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Directed Radioresistance via Genetic Engineering (Year V)

Booth Id:



Finalist Names:
Schieman, Maximus (School: Satellite High School)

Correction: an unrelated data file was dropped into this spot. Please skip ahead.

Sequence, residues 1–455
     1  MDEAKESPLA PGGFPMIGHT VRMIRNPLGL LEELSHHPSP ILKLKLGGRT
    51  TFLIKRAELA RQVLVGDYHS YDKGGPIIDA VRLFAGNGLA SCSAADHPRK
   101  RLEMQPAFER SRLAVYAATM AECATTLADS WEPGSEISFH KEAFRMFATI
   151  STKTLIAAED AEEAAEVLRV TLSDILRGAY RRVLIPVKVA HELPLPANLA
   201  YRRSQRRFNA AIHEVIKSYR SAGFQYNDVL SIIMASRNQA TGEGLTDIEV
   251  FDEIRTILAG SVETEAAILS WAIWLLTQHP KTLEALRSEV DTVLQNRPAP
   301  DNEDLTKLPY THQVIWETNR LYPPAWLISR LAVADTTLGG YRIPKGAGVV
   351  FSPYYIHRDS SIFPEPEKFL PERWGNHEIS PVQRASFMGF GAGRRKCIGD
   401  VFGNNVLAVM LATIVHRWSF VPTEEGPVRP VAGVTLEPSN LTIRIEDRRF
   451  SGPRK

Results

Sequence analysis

Ionizing radiation, including atomic radiation and high energy electromagnetic radiation, causes numerous adverse health effects. Ionizing radiation creates fear which limits the potential for nuclear energy. Cosmic radiation limits extraterrestrial exploration. Ultraviolet radiation is responsible for 90% of non-melanoma skin cancers and 65% of melanoma cases (Kim, 2014). Ionizing radiation was repeatedly induced into Saccharomyces cerevisiae cultures throughout subsequent generations. Through this repeated ionization, cells could resist cellular damage and other mutations caused by further radiation. S. cerevisiae possess the Ogg1 (8-OxoGuanine Glycosylase) gene which repairs damaged DNA during cell division. Irradiating S. cerevisiae culture generations before and during the exponential phase, suggests that the cells could result in radioresistance. An analysis of radioresistant genes (Ogg1, Rad52, Rad6, Rad3) within S. cerevisiae was conducted by irradiating strains with and without the genes. A comparison of the strains will suggest which genes, if any, provide for radioresistance. A CRISPR application with the dCas9-VP64 activator (RNP complex) was implemented within the genome of S. cerevisiae, targeting regions of the DNA with the genes that were determined to contribute to radioresistance. If enhanced expression occurs, S. cerevisiae may become an extremophile and resist ionization. Radiation resistance was indicated by X1 and X2 cells. The cells maintained a steady average percentage of area occupied similar to control group. No mutations were apparent for X1 and X2 cells. Despite contamination, cells expressing RNP complex were observed microscopically. The ANOVA indicated no statistical significance and the null hypothesis failed to be rejected.